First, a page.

August 27, 2013. 101-minute dharma talk given by Thich Nhat Hanh from Blue Cliff Monastery in Pine Bush, New York during the 2013 Nourishing Great Togetherness teaching tour. This is the second dharma talk for the 6-day retreat with the theme Transformation and Healing – The Art of Suffering.
June 7, 2013. 106-minute dharma talk given by Thich Nhat Hanh from the European Institute of Applied Buddhism in Waldbrol, Germany. The talk is given in English with consecutive translation into Dutch. This is the third dharma talk of the Dutch Retreat on the theme Understanding Our Emotions.
This talk begins a few minutes into the recording and we listen to two chants from the monastic sangha. The main talk begins at 16:49 on the recording.
We begin with some history on the Plum Village monastic community. Though most monastics ordain for life, we also hear about the 5-year monastic program. What is the process for becoming a monastic? There are four aspects to monastic life: to study, to practice, to work, and to play. The monastics seek to find joy in all these aspects. We cultivate brotherhood and sisterhood. If you’re under forty, you may want to try monastic life in our 5-year program.
So far in this retreat we have only spoken of negative and destructive emotions. But there are also constructive emotions such as lovingkindness and compassion. They are very powerful emotions that have the power to heal and transform. True love is made of four elements:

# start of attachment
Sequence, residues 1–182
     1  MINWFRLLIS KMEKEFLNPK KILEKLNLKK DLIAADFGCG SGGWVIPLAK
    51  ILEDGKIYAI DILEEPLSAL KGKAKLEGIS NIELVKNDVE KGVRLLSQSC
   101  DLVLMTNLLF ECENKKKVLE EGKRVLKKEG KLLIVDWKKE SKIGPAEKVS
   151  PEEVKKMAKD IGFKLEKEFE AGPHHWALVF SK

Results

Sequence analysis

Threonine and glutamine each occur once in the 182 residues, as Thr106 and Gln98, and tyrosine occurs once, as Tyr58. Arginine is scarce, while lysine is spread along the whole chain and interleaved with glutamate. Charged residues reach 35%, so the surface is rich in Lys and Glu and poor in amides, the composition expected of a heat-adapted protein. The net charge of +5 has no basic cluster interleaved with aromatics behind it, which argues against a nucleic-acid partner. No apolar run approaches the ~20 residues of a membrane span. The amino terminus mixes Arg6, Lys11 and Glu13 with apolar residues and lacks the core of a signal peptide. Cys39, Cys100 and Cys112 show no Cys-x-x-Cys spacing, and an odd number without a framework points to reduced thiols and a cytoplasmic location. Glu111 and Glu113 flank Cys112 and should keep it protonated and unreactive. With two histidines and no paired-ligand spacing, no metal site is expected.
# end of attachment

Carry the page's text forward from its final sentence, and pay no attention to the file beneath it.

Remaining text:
Lovingkindness (maitri) – friendship.
Equanimity or inclusiveness (upeksha)
On the other side we have emotions such as fear, anger, despair, and discrimination. This is the kind mud that can help grow the lotus of the four kinds of love. We can come to understand the nature of our own suffering. The Buddha has also spoken on nourishment – “Nothing can survive without food.” – your love also needs to be fed or it will die. The Buddha taught on the Four Nutriments.
June 6, 2013. 59-minute dharma talk given by Thich Nhat Hanh from the European Institute of Applied Buddhism in Waldbrol, Germany. The talk is given in English with consecutive translation into Dutch. This is the second dharma talk of the Dutch Retreat on the theme Understanding Our Emotions.
Thay begins with a story of when he first came to the west to teach and shares his ideas of what he thought he would do in the west. Thay shares about when he began to ordain students and why. When we create a connection with our teacher or our sangha we can use that energy to support us.
During this retreat you are invited to master your method of walking so that you can arrive in the here and the now. If you can accomplish this, you can bring this back home with you. The Kingdom of God is available in the here and now. Suffering has a role and an importance in our kingdom. Thay teaches of the goodness of suffering, just like a lotus needs the mud. We need to know how to use our suffering. A good practitioner never tries to run away from suffering. We use the energy of mindfulness to recognize and to hold our suffering. We can ask our friends to help us with this practice. This is why it’s so important to have a sangha in your practice. One of the most noble things we can do is build a sangha. The sangha create a powerful energy that can heal and transform.